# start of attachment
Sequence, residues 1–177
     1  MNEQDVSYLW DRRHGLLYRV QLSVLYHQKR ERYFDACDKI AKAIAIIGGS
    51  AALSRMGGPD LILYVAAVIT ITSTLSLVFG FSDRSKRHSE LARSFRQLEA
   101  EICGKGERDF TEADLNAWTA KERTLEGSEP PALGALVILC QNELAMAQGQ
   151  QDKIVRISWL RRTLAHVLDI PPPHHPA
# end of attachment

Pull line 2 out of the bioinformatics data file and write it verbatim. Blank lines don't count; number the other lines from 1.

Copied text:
     1  MNEQDVSYLW DRRHGLLYRV QLSVLYHQKR ERYFDACDKI AKAIAIIGGS